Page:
Rabies vaccination is highly recommended for cats. Not only is there no cure for rabies but there is also a human health risk since humans can contract rabies from an infected animal.

1 kitten smoochParasite Prevention


Fleas can make your cat very uncomfortable and also allow a flea infestation into your home. Parasite prevention includes stopping a flea infestation before it starts. Flea control is also important since some fleas transmit intestinal tapeworms to your pet.

 Intestinal Worms

Intestinal worms (roundworms, hookworms) are abundant in the environment. Pets can acquire these worms from infected soil of feces. Intestinal worms can cause vomiting, bloody diarrhea, anemia and stunted growth. Hookworms and roundworms also pose a threat to human health if your family members are exposed to the worm eggs. Prevention is much easier and safer than treatment after the problem has developed.

Countrycare (& the Center for Disease Control) recommends a fecal examination EVERY 6 MONTHS to check for intestinal parasites.

In addition to the worms listed previously, there are also other types of parasites that may be detected on a fecal flotation and should be addressed accordingly.

1 kitty windowAging

As animals move through life, they go through many of the same aging processes that humans do. Their hair may turn gray, their body seems to wear out and the their senses dim. Diseases that are commonly known to afflict humans also affect our pets: kidney, heart, and liver disease, tumors, cancer, diabetes, depression, “Alzheimer’s”, etc.

We need  to consider what is a typical lifespan for a pet and realize that they age much quicker than humans do. Different breeds and lifestyles can also affect the aging process.

The old saying was seven dog years for every ‘human’ year. The table below is a more accurate quantification of comparing your pet’s age to “human years”. For example, if your dog is 75 lbs. and is 8 years old…it would be equivalent to a 55 year old human.

Aging is not a disease, but rather a manifestation of the body’s diminished repair response. In animals, ‘old age’ is generally referred to as the last 25% of their lifespan. In addition to the number of years lived, aging is affected by such important factors as genetics, nutrition and environment. While dogs and cats begin to undergo aging changes starting at about age 5-7 years, different pets will show the various signs of growing ‘old’ at different rates. The best time to recognize your pet’s “senior” status and need for extra TLC is long before advanced problems are apparent.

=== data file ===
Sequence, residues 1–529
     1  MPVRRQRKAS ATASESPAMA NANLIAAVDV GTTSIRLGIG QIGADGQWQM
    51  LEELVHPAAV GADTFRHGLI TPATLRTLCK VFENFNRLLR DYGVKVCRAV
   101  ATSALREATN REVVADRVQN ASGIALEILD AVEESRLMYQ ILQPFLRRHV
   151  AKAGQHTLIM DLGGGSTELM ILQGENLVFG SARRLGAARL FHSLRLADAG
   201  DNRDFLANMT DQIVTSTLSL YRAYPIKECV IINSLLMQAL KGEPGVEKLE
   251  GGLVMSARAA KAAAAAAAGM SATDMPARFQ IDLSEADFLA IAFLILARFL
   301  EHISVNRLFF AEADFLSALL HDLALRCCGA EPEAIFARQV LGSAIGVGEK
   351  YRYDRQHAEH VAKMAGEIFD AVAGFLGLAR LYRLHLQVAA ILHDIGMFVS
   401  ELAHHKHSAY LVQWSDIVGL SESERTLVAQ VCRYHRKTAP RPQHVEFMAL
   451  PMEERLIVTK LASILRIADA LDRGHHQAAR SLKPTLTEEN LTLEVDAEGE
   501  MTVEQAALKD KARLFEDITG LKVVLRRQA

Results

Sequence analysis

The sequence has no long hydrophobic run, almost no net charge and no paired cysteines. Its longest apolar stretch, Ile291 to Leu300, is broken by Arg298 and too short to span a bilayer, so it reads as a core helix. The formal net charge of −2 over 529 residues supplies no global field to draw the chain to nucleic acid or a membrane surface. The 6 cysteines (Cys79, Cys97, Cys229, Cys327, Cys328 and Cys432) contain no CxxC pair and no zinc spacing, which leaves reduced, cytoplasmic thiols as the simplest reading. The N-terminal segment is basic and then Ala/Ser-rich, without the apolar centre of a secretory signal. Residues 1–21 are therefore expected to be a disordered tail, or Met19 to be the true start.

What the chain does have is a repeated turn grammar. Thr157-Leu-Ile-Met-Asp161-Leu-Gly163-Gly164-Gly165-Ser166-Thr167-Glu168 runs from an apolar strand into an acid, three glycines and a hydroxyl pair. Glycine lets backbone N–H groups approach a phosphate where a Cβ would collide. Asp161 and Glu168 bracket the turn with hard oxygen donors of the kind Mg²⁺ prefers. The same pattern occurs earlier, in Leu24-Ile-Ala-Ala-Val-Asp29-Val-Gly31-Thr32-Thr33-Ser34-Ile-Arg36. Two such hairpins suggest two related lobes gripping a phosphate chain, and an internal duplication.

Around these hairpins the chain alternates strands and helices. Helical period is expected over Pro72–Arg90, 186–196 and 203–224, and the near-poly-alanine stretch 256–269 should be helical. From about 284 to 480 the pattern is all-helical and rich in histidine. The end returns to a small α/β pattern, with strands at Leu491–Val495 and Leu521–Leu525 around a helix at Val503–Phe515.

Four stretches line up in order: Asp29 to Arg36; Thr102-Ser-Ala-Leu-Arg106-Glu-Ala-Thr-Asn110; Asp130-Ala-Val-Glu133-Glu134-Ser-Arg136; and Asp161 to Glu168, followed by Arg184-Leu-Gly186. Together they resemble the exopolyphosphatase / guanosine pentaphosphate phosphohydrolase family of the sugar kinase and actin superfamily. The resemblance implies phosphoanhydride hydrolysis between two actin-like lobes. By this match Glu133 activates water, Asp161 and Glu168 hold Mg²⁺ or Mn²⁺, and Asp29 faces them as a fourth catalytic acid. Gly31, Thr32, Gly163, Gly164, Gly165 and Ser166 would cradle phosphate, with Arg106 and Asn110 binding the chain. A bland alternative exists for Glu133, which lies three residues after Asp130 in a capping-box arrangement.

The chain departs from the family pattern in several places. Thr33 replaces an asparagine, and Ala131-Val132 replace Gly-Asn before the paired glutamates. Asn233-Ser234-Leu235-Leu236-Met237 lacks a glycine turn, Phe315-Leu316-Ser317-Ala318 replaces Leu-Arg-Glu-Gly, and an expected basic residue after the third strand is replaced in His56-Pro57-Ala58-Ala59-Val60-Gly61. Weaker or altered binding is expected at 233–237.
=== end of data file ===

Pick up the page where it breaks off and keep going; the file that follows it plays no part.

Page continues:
To increase the length and quality of your pet’s life, it is important to 1) realize the speed of the aging process and 2) take preventative steps to manage risk factors related to your pet’s health.

Important Steps

  • Have regular wellness check-ups by your veterinarian. Every 3-6 months is appropriate for seniors.
  • If you only have your pet examined once every calendar year, your pet has actually aged  4-8 years!!!!
  • The correct nutrition and supplements are especially important as the body ages and it cannot assimilate nutrients as well as when he/she was younger.
  • Exercise is important to keep their bodies from deteriorating physically. (Use common sense for the appropriate type & amount of exercise.)
  • Watch for any (even subtle) physical or behavioral changes so that they can be addressed as soon as possible.

View the Human-Animal Age Conversion Chart (PDF) to see how old your pet really is!

What People
Have Said

"Anytime I have visited Countrycare, the staff have been very inviting, informative, and willing to share information and knowledge. One of the main reasons I choose Countrycare is to have the options of doing things holistically for my pets. Any experience I’ve had there, whether it’s been holistic or not, has been the best. I feel like I’m being informed of all of the choices without having conventional medicine pushed as the only option. Keep up the great job!"
- - Anonymous